This is the best toy ever, every autistic home should have one.

It even still had working batteries!!

And just today not 3 days after it was suggested we try a white noise machine but the first time I go looking for one I found the only one listed on our auction website.

Thanks Old Ones I don’t know why I have appeased you but I shall continue to do so.

Or maybe it’s that retroactive karma finally kicking in after all these years. I am suspicious and paranoid so I am waiting for that head shot from a flying farm animal or being struck by lighting take down that life likes to offer when we start feeling smug but until then I’ll keep being a cheap arse and pining my hopes on Cthulhu.


I ain’t dead……….yet

Been a while, a long while actually. there is a reason and some day soon I may even share it but in the mean time life carries on. Autism is still our faithful friend. The great autistic one is now 8 and 1/2 and still basically the same. We brought our first car some almost 4 months ago and we’ve racked the the mileage or as we don’t say in this country the kilometerage driving here, there and every freakin where.

For reason I choose not to divulge yet we had to take a long trip recently. Now where I live in little bitty ole N.Z. we are a 2 island nation. And by that I mean while yes there are other islands dotted around the place they appear to be inhabited by strange people with not enough teeth and a unhealthy interest in hemp clothing and the native wildlife so “we” like to pretend there are only 2 islands. As we’re such creative folk here we have really stretched the ole noggins and called them the North Island and the…………….wait for it………………….South Island. Pretty impressive huh.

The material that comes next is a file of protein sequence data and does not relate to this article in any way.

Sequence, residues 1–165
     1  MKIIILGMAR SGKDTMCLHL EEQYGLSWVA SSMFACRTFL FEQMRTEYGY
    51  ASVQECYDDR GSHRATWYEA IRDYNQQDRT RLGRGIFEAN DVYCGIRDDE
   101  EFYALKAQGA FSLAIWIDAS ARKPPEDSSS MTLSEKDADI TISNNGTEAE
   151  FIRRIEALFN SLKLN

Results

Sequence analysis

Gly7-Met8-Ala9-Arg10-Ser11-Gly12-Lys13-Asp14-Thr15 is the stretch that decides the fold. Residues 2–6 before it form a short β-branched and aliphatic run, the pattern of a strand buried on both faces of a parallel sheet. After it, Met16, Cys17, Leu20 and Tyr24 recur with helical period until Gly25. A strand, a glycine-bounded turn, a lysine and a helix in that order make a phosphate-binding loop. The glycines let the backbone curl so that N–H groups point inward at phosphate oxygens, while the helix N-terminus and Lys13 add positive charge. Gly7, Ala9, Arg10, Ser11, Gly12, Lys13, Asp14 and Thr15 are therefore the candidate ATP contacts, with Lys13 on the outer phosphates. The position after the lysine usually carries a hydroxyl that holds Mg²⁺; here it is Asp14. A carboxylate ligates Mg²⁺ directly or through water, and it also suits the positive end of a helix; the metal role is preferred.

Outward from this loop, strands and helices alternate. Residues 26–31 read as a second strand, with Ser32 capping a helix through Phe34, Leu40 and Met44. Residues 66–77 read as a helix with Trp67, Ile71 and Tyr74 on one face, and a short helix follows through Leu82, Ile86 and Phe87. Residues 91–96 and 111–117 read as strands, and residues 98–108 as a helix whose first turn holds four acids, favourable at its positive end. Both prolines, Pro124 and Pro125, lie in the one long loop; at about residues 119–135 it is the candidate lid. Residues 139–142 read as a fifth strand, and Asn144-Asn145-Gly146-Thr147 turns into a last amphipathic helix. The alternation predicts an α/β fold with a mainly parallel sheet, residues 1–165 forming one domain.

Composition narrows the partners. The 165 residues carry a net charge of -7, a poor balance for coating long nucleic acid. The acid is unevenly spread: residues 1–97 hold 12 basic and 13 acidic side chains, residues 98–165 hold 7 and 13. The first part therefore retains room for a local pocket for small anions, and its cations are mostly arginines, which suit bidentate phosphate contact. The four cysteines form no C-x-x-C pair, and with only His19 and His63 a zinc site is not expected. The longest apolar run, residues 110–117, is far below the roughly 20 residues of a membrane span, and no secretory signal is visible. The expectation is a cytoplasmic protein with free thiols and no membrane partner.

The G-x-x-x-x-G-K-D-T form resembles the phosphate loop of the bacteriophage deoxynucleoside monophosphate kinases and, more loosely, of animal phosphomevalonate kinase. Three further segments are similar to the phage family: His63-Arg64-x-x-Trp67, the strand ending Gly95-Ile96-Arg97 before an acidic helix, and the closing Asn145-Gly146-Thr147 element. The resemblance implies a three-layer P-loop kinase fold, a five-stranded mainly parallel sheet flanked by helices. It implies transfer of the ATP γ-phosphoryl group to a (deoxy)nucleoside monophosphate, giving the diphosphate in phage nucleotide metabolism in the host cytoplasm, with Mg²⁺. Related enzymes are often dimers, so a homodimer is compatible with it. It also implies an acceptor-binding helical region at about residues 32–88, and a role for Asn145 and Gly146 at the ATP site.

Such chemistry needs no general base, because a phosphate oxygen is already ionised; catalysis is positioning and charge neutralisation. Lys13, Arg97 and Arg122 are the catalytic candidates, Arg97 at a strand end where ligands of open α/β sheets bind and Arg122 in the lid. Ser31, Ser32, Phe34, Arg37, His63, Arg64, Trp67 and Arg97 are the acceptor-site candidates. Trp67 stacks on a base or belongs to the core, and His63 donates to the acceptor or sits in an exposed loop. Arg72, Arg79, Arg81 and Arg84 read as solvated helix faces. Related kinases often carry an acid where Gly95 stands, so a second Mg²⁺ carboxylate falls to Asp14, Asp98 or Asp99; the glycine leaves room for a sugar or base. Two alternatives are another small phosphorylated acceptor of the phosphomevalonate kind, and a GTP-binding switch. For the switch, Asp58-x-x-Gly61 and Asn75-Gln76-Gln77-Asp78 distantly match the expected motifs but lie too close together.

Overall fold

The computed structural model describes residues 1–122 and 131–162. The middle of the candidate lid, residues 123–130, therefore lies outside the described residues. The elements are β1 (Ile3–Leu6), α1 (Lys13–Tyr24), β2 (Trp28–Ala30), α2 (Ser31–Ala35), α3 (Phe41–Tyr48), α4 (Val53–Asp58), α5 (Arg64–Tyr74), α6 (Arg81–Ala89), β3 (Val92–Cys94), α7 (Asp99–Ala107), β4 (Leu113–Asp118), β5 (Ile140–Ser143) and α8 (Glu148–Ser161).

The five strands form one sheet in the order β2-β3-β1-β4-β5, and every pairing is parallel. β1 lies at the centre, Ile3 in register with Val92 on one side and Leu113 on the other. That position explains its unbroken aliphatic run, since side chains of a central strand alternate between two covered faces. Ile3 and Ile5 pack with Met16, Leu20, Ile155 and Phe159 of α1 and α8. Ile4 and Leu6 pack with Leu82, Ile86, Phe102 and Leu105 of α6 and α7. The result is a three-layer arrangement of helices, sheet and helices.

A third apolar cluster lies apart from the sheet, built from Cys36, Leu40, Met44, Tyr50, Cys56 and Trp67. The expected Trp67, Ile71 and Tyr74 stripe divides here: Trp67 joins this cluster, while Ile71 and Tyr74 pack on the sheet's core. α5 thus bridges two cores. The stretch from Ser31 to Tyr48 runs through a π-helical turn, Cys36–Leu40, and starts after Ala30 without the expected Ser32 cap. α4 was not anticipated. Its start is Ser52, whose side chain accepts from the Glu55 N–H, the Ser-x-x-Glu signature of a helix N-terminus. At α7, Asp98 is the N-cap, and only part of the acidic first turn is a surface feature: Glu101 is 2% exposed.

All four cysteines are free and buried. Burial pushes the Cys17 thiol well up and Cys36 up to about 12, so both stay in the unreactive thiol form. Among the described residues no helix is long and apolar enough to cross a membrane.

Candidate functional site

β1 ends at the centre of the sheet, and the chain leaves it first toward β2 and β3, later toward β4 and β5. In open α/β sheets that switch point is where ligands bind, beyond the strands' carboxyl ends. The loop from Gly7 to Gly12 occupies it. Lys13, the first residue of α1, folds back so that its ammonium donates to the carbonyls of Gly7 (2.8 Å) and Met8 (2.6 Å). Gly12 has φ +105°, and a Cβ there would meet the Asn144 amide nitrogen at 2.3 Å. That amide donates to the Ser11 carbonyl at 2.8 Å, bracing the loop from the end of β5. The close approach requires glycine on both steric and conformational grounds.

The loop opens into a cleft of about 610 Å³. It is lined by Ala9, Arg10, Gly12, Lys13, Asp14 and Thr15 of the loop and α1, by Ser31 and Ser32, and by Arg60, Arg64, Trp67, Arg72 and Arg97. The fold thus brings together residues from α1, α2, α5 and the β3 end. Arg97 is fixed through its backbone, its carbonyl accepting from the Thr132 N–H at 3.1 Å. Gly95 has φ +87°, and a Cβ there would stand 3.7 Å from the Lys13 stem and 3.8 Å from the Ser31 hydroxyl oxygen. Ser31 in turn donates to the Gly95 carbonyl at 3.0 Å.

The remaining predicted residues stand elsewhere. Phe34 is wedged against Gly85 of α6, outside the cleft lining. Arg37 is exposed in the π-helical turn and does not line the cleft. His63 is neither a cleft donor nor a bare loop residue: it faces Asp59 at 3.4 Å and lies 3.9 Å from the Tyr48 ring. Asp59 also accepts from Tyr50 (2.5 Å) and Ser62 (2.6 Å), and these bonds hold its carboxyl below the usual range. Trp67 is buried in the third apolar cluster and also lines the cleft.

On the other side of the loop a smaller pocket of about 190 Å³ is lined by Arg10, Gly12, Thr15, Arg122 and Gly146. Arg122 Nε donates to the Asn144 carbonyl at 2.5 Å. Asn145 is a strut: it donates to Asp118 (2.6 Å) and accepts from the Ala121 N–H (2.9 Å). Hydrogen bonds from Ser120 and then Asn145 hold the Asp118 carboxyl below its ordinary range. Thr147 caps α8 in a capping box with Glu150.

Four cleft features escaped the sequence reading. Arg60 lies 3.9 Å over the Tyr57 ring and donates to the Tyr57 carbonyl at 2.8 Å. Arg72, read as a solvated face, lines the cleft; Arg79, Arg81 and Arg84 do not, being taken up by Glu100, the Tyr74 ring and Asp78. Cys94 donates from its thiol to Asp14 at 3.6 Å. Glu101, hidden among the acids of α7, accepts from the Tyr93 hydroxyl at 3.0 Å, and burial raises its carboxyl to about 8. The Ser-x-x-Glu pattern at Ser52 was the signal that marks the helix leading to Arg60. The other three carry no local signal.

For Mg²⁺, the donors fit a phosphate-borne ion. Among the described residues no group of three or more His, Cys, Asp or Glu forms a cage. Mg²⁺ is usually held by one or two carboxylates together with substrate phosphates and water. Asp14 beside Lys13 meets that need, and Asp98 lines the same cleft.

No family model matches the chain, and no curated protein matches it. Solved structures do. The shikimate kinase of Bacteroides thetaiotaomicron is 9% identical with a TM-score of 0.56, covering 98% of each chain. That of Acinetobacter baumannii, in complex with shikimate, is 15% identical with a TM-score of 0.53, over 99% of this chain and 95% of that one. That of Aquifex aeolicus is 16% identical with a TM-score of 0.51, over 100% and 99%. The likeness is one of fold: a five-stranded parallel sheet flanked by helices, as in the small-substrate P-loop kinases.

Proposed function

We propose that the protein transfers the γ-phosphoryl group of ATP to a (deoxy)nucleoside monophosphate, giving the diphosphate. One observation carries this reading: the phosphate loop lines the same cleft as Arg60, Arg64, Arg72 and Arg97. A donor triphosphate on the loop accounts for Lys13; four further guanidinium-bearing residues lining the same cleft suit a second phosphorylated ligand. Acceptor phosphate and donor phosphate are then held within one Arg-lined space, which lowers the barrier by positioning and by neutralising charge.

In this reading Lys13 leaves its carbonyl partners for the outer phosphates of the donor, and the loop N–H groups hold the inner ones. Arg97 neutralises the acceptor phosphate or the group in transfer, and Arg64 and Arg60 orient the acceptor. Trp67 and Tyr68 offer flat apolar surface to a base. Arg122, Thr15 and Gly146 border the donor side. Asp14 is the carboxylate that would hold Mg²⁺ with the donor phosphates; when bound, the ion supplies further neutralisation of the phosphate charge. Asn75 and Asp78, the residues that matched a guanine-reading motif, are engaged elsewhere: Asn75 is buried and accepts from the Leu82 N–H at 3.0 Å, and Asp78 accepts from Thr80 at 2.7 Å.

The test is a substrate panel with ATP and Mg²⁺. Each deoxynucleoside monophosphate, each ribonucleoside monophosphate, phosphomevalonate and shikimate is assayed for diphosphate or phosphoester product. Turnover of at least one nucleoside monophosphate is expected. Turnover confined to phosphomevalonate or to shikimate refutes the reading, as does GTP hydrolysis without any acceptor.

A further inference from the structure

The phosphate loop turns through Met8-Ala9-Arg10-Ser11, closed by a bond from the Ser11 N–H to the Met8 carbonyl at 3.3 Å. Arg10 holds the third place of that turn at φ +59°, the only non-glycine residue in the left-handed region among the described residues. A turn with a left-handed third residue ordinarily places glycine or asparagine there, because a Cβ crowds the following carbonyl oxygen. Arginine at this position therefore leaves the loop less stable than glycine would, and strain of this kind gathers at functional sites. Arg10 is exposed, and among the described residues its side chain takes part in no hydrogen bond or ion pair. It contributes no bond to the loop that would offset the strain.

SOOOOOOOOO anyway a couple of months ago we had to travel from North Island(where we live) to South Island(where we used to live). We drove I don’t know why, I guess we’re just sadists like that. Anyway it’s a reasonably decent drive it takes about 12 hours in total and 3 and a half of them are on a boat.

yep a boat. Autism on a boat. It was ………….interesting. Flapping on a boat takes a skill set little dude sorted in fairly rapid fashion

The Cook straight is reported to be one of the rougher ferry crossing in the world. Now I can’t say for certain if that the case and don’t see the need to test the theroy.

The trip was great bouncy in an up and down rough water kinda way. Flapping while spinning while boat is rocking, little dude spun right into the boat wall??? Anyway is was metal there was an impressive boing!! ANd he just shook himself and carried on spinning.

Ultimate dadda and I found our selves saying such gems as “no, no licking the boat” yummmmmmmmmm salty goodness. “no no looking under the doors” we had the good sense to hire a privet cabin for the journey and little dude discovered there were gaps under all the doors. “no,we don’t sniff  him” in the car deck little dude took a fancy to the dock worker that was directing passengers to their cars.

While we were away we stayed with little dudes grandparents that haven’t really seen him in years. They were impressed. And awesome.

The reason we were away wasn’t pleasant but the actual travelling made it better.

One day we might even do it again for the right reasons.


No respite, no return

Ask anyone today if it is a ‘good’ thing that such things as mental institutes no longer exist  Closed hospital wards and childrens’ homes are now a part of our collective past.